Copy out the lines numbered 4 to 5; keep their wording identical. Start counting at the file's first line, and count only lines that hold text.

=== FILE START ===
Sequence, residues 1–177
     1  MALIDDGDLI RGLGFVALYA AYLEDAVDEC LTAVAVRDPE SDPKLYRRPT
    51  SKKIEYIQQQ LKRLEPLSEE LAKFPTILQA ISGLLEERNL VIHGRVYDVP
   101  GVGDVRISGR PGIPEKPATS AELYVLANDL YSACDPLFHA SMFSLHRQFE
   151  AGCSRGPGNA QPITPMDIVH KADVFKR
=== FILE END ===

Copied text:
   101  GVGDVRISGR PGIPEKPATS AELYVLANDL YSACDPLFHA SMFSLHRQFE
   151  AGCSRGPGNA QPITPMDIVH KADVFKR